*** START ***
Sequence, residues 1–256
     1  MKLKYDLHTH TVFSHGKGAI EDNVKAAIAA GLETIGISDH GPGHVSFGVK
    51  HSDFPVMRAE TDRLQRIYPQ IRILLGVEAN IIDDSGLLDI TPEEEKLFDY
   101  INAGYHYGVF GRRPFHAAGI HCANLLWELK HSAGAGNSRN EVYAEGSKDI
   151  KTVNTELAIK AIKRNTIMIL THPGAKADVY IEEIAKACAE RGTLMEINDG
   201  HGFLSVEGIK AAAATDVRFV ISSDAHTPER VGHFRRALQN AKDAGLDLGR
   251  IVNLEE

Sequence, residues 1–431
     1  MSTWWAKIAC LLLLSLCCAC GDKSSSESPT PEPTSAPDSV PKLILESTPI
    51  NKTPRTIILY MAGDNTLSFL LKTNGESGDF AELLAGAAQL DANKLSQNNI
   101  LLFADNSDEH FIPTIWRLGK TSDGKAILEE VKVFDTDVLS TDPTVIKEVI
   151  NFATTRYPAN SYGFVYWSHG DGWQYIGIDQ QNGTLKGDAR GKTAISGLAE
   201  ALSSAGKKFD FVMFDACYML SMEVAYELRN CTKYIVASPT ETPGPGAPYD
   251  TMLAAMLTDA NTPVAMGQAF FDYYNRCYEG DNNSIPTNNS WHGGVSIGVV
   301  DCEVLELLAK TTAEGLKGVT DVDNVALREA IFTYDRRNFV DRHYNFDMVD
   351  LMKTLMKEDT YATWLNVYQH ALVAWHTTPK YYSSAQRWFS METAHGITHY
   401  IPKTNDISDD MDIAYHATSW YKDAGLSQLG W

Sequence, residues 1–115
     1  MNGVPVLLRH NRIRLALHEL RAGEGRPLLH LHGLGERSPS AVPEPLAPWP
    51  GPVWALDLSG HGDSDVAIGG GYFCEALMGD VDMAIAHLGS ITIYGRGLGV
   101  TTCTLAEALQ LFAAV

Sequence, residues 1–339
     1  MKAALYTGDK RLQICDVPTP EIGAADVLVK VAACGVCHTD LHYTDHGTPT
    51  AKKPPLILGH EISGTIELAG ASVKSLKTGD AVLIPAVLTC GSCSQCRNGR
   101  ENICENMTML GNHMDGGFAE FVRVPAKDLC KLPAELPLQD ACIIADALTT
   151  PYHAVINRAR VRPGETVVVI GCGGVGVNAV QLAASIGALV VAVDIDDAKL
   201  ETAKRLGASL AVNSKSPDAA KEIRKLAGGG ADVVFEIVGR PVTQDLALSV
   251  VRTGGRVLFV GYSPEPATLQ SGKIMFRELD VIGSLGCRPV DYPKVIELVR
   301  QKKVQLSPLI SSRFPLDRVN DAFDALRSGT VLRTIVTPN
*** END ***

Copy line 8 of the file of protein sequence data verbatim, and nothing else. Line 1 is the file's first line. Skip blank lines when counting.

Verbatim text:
Sequence, residues 1–431